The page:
Rejoicing under the title "EU subsidies 'looted' by Bulgarian mafia", Bruno Waterfield is running a story in The Daily Telegraph on the latest instalment in the long-running saga of corruption in Bulgaria.
Bruno has seen a EU commission report which criticises Bulgaria over the administration of EU subsidies that are being looted by officials working hand in hand with the mafia.
In the run-up to becoming an EU member in January 2007, Bulgaria benefited and continues to receive cash worth £1.7 billion from European programmes – known as PHARE, SAPARD and ISPA - which are designed to help Sofia manage future Brussels funding, not including farm payments, worth £5.5 billion over the next five years.
In rather anodyne terms, the commission report states that, "Bulgaria is experiencing difficulties in many of these programmes and has to demonstrate that sound financial management structures are in place and operating effectively." The truth, however, as The Telegraph rightly asserts, is that there has been wholesale looting of EU funds. And, as a result, funding worth up to £475 million will be withheld from Bulgaria.
Bruno gives more details in his blog but, according to the Sophia Echo he and the rest of the "international media" have rather missed a trick.
Little attention, says this paper, has been paid to an EU Anti-Fraud Office (OLAF) report, leaked to Bulgarian media on 16 July, which indicates that the corruption goes right to the top of the Bulgarian political establishment, involving close associates of the president, Georgi Purvanov (pictured).
Amusingly, it also notes that one of the few international media organs to have picked this up is the Chinese news agency Xinhuanet. How appropriate that the state-controlled organ of a corrupt, totalitarian regime should publish these details, leaving the free press of Western democracies trailing in its wake.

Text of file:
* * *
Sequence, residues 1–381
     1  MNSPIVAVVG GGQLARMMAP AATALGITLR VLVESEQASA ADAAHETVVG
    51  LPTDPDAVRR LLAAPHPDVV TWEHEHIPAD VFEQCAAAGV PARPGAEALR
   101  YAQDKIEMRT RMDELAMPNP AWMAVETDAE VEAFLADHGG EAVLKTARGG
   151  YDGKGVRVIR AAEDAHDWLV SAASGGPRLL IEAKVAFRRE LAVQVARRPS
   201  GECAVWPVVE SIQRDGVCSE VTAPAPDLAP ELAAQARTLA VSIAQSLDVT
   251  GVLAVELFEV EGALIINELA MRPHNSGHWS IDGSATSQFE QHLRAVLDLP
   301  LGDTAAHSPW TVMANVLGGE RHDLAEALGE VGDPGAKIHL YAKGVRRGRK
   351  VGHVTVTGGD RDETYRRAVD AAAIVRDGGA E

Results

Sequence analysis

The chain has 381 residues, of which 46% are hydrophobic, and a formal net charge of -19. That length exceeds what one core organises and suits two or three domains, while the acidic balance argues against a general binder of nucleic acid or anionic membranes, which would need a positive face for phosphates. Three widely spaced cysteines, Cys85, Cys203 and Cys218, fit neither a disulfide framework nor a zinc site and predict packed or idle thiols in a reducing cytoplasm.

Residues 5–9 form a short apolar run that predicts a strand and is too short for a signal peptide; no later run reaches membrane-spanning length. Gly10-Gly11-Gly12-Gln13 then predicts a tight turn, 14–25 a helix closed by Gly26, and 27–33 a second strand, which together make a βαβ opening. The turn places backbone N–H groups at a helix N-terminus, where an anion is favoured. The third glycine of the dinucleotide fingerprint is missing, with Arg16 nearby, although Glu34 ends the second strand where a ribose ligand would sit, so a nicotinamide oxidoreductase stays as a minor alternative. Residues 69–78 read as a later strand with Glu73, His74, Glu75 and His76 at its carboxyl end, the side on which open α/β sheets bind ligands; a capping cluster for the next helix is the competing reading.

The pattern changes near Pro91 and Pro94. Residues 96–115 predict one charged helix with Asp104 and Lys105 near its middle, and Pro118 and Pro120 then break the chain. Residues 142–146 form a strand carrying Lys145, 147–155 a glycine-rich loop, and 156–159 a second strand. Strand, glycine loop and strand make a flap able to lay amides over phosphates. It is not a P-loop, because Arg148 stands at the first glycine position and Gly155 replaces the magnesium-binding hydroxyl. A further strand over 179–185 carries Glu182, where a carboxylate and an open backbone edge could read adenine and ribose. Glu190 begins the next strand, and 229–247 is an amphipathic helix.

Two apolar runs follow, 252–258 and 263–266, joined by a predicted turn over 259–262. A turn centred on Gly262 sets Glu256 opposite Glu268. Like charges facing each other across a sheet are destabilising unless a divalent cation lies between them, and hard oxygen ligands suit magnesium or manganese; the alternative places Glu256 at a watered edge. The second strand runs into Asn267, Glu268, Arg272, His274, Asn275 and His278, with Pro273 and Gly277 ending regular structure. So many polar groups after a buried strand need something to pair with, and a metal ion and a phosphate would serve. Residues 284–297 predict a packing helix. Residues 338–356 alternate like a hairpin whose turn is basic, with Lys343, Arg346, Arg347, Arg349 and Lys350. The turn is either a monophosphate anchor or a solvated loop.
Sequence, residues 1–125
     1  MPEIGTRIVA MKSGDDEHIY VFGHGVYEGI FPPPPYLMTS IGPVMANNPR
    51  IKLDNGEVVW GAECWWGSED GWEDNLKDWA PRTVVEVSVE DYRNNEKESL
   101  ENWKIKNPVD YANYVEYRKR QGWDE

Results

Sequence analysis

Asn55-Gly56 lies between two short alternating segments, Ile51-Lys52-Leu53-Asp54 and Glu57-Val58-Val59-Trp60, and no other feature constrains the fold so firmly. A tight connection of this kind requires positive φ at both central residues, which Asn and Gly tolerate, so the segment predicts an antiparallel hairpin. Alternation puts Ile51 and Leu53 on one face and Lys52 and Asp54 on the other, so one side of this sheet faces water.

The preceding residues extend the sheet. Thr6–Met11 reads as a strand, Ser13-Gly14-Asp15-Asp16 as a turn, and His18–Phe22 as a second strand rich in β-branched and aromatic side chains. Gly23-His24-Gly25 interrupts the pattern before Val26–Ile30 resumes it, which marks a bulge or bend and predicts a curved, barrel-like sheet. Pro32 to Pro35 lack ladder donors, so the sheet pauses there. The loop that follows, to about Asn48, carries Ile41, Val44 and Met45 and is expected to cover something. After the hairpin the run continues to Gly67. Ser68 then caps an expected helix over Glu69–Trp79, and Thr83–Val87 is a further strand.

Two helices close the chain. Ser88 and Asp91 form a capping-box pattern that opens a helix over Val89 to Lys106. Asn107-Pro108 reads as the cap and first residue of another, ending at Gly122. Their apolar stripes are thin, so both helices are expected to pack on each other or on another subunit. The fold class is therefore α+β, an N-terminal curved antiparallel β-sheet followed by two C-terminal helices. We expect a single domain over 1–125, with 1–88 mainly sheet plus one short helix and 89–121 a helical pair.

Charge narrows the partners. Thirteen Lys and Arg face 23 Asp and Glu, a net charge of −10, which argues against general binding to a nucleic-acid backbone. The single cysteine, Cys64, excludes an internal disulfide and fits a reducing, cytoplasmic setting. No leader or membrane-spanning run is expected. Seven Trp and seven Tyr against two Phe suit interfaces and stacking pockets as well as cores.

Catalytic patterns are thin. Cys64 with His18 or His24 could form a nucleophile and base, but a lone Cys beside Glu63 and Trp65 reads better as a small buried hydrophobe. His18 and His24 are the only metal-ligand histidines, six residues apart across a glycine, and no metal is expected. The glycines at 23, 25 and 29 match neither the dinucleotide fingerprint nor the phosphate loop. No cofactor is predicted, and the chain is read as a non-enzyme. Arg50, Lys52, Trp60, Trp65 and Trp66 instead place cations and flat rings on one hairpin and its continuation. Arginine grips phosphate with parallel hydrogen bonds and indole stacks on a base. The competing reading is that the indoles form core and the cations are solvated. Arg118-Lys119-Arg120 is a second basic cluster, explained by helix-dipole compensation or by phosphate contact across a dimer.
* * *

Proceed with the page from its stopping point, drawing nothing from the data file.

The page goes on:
The Sophia Echo covers this "leak" itself, with the following narrative:
"This criminal company network is managed and/or financed by two Bulgarian individuals, Mario Nikolov and Lyudmil Stoikov, who are said to have close links to the current Bulgarian government," the report says.To British readers, the personalities are almost completely unknown but, courtesy of the wonders of the European Union, this is not "a quarrel in a far away country between people of whom we know nothing". As we have remarked before, the Bulgarian president, through the European Council, is part of our government, and his ministers take an active role in formulating our laws through the Council of Ministers.
"One of the individuals allegedly financed the election campaign of the current Bulgarian president and is the business partner of the former deputy foreign minister, who, according to information available, attempted to influence an ongoing investigation into that individual," according to the report.
As always, it is so comforting to know that we are in such good hands.
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